3 Tips and Tricks for Teaching the Teen Driver

Tuesday October 24, 2017


"Teaching teens to drive is typically a challenging situation for both the student and the teacher. Learn some ways to ease the stress of drivers training with these tips on teaching your child how to be safe behind the wheel."

Teresa Taylor | ttaylor@peabodyinc.com

Article courtesy of: Jackie Edwards & Chris Bowen, Fractus Learning

“Cop.”
“Which side?”
“Your side. At the light.”

It sounds like a conversation between two wanted assailants that perhaps had tunneled out of Riker’s using plastic spoons and toothpicks. But, no. This was a typical exchange between me and my four-year-old on any given day. Look, I’m not proud. But, sometimes? Sometimes that illegal turn or that little extra burst of speed just makes your life so much easier.

We would often make walkie-talkie sounds just to give it that extra sense of adventure. She was a damn good look-out. Best co-pilot I ever had. The limits of her car seat didn’t seem to eclipse her abilities. And I would argue that this fun car activity was a far better game than buying a mini-van with the zombie screens mounted in the seats. We were bonding. And talking.

The problem now? Now, I have to teach that same child how to drive. Despite our shaky careers as minor traffic violation partners, I have been able to turn this child’s driving life around. If I can do it, so can you. Here are three tips that got me through.

1. Allow Them To Correct You
Despite being totally wrong about 85% of the time, most teens insist they are right approximately 100% of time. The gap between these two numbers is dumbfounding. What this means is, despite having never operated a moving vehicle, they already clearly know what they are doing. Obviously, think of the rage induced “conversations” this can lead to when your teen grabs the wheel. Let’s be preemptive.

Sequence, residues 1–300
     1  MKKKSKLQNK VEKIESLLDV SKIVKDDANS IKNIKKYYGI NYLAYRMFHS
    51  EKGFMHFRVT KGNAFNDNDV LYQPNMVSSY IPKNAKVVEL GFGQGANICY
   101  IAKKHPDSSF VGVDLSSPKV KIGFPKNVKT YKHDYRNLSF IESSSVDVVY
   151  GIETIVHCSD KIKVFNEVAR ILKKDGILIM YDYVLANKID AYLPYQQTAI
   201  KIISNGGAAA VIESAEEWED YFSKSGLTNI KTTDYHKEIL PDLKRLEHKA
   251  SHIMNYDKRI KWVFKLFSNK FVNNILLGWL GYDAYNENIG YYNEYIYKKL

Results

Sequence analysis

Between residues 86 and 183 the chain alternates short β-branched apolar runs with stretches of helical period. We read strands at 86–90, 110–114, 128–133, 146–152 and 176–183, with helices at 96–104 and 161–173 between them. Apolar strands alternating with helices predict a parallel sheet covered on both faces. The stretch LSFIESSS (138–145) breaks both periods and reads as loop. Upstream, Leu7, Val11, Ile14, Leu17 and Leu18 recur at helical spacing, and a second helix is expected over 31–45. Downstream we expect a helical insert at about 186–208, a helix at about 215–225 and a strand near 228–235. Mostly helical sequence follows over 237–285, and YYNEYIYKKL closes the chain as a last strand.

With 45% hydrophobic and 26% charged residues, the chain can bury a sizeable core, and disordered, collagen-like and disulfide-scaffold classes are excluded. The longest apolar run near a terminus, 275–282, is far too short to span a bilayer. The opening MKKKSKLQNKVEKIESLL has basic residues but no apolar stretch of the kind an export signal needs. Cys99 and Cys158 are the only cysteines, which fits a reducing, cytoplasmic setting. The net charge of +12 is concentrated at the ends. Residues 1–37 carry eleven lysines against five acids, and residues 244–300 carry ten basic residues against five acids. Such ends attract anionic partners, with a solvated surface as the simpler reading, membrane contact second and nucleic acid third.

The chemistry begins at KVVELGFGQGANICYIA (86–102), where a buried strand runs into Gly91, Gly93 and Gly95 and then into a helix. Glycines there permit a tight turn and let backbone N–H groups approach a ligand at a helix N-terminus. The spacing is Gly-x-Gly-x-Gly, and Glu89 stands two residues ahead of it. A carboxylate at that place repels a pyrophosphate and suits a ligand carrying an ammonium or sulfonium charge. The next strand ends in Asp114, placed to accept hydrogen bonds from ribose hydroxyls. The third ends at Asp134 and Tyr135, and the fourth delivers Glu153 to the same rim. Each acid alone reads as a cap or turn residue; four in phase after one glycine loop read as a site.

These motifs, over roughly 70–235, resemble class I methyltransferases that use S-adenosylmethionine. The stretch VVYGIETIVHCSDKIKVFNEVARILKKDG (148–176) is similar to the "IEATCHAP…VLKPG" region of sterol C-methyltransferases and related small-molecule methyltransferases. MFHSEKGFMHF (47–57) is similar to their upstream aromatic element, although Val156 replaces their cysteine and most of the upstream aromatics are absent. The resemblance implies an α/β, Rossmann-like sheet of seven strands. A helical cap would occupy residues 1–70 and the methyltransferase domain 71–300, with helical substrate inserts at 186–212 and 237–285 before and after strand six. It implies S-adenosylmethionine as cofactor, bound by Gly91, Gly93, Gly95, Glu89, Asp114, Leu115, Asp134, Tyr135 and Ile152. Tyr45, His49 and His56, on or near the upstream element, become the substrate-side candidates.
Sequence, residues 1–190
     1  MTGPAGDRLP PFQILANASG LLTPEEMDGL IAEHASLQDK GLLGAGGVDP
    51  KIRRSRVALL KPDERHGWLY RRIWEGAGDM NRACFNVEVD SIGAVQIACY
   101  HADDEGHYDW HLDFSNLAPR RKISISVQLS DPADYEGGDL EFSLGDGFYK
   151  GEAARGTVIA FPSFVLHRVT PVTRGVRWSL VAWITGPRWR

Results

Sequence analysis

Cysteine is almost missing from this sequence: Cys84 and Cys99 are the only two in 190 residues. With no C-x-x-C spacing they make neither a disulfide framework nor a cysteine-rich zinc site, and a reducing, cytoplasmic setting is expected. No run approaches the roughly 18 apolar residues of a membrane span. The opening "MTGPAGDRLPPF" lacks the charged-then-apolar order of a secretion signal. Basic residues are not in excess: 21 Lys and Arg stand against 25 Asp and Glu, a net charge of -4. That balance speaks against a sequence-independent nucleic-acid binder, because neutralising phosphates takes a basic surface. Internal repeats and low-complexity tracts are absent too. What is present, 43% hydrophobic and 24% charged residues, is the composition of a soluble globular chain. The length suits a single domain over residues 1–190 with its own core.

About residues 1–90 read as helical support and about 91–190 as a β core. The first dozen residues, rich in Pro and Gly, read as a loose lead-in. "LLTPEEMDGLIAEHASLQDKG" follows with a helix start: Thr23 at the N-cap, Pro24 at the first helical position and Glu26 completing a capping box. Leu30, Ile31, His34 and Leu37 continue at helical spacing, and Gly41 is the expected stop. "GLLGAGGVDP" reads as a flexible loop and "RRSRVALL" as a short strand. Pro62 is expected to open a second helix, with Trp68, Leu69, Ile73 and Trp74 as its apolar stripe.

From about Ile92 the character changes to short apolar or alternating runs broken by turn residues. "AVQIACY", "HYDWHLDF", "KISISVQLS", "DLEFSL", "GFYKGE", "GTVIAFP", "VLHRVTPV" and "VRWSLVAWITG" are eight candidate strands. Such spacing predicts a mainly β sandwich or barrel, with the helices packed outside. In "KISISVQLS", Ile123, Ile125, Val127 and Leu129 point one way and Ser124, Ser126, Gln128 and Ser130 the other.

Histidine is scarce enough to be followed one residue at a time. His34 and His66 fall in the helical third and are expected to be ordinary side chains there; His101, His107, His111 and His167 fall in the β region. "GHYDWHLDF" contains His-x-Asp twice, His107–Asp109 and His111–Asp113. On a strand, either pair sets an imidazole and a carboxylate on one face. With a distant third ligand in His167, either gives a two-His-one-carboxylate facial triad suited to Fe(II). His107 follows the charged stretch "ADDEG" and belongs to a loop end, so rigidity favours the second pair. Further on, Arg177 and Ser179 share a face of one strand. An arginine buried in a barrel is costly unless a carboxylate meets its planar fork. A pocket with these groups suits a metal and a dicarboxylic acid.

Once your teen has passed the written test, apparently giving them some sort of honorary doctorate in all things vehicular, you drive and let them correct you. Let them get as bossy as they want to be. Shut up. Drive. And take it. Acquiesce to their obnoxious tone and taunts. But, let those conversations happen. If they think you’re too close to the car in front of you, then have that conversation. They don’t think your blinker went on early enough? Have that conversation. Think of this as a one-on-one student-centered classroom. You will be surprised how much better they will respond to you once you allowed them this little exercise a few times.

It may even help your driving a bit. While doing this, my daughter nearly cured my road rage. I’m a white knuckled driver. I am typically a peaceful, easy going guy. I seem to save it all for the car. Not good. It’s just true. When I purchased a car with a sun roof, my then young child remarked, “Wow…now everyone will see your finger.” But, twelve years later, she has rectified the problem. I typically don’t f-bomb my way through traffic, but I do grunt and growl and moan and screech. The noises can become quite heinous.